We’ve published a new research report exploring the links between leadership by frontline workers and citizen leaders.
The project, commissioned by the Scottish Social Services Council (SSSC) and carried out by Diversity Matters, explored what enables and prevents people from taking on leadership roles.
The research involved a mix of people using services, carers, community brokers and staff from an already established network of community contacts in East Ayrshire.
The research showed that the relationship between workers and people using services has a big influence on the ability of either or both parties to take on leadership roles. Other key messages to come from the research are below.
- Frontline workers can have a key role in enabling and encouraging leadership in citizens. Workers need (amongst other things) openness, honesty, transparency and an awareness of power in how they communicate.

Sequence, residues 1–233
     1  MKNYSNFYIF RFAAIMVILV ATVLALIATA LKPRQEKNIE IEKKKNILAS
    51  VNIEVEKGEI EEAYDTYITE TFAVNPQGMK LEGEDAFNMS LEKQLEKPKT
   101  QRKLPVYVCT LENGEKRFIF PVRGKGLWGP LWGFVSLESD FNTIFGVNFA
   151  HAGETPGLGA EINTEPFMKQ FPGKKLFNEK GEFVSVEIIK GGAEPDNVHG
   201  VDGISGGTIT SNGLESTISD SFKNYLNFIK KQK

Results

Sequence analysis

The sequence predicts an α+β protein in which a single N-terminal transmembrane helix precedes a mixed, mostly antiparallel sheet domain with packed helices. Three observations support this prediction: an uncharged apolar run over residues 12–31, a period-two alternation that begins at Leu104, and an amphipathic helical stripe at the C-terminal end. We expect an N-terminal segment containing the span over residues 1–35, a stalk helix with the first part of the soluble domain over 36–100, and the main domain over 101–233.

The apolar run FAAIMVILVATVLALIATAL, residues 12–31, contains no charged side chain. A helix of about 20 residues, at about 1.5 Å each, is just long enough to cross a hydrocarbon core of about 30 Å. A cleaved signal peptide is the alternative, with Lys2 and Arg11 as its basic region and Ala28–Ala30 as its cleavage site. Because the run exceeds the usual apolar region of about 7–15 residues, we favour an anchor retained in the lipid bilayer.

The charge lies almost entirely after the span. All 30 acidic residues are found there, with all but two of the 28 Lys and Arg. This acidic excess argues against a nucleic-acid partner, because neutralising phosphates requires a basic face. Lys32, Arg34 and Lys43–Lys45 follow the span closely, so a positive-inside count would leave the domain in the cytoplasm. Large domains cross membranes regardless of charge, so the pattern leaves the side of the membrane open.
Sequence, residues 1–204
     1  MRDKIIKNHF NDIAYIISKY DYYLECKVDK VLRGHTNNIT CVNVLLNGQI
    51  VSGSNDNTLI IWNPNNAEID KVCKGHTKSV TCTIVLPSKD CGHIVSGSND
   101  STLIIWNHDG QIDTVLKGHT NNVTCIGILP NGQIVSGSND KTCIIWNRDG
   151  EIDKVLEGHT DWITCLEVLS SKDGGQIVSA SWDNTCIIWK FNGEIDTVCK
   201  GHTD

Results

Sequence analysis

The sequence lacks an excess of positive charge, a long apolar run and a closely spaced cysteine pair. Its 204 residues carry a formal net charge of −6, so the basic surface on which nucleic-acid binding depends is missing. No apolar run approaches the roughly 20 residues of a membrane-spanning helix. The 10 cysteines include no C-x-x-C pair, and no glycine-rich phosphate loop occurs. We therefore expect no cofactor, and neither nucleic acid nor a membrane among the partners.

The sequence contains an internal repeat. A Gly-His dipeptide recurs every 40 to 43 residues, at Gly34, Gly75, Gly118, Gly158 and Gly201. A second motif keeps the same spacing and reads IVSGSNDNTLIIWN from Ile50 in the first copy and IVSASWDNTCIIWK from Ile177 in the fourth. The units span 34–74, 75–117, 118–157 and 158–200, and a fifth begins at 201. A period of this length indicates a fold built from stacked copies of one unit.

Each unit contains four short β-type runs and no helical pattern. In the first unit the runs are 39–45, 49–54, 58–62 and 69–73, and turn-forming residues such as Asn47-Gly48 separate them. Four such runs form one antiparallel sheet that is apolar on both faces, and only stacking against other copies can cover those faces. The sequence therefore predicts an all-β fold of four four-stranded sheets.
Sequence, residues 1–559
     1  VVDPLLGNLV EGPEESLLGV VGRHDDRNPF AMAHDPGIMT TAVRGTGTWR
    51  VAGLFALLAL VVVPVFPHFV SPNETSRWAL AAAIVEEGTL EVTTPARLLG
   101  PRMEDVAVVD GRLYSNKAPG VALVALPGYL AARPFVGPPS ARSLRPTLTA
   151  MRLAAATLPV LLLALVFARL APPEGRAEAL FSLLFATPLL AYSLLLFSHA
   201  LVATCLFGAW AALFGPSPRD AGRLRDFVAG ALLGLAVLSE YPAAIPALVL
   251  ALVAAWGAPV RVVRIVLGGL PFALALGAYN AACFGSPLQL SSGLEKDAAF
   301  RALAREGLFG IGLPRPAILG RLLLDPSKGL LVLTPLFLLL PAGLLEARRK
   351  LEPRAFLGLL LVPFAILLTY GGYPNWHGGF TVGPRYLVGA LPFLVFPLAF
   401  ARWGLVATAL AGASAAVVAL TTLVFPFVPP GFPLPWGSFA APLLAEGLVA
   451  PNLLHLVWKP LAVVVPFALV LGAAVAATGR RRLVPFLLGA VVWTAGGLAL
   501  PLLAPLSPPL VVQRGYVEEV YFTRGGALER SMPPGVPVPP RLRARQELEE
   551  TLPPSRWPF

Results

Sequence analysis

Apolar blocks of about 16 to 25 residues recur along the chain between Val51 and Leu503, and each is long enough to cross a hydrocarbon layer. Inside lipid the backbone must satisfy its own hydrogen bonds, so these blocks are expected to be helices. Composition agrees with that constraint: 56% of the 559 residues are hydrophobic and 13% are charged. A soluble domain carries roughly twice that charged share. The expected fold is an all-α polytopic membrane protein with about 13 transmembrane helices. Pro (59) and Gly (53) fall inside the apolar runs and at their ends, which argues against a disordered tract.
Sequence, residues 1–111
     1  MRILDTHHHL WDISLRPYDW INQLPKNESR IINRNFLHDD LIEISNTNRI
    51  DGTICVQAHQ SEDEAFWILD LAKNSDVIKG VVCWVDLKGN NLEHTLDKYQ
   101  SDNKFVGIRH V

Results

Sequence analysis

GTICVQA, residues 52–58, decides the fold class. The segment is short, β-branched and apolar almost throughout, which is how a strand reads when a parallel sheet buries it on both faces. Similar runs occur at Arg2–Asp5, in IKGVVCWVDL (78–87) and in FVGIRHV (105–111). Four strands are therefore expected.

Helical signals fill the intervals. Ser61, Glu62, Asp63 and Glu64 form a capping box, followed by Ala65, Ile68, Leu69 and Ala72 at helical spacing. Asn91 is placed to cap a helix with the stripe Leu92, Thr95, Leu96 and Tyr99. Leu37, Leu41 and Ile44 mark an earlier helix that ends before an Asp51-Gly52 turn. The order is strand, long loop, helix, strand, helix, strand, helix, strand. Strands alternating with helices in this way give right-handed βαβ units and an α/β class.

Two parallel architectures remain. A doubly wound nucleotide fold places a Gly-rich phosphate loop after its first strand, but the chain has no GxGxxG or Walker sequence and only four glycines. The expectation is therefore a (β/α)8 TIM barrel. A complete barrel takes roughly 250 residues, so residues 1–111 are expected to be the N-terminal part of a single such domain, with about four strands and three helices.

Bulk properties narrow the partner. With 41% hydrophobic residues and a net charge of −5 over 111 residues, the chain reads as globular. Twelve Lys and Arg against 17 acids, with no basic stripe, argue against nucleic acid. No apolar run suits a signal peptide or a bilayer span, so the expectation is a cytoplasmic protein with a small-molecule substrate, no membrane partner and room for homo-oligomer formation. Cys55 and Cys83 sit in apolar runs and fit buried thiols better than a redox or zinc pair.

- Organisations need to support workers to build trust and take the time to do it properly. Participants saw this as a cost effective long term investment.
- Organisations that allow workers to get peer support and to network may be better at supporting leadership.
The full research report, Dynamics of Citizen and Frontline Worker Leadership, is available on the SSSC website.
The research was carried out as part of a programme of work on behalf of the Scottish Government to support the social services workforce to meet the challenges of self-directed support. The work, now in its second phase, is being taken forward by the multi-agency Self-Directed Support (SDS) Workforce Project Board, which is responsible for delivering the Self-Directed Support Workforce Project Plan.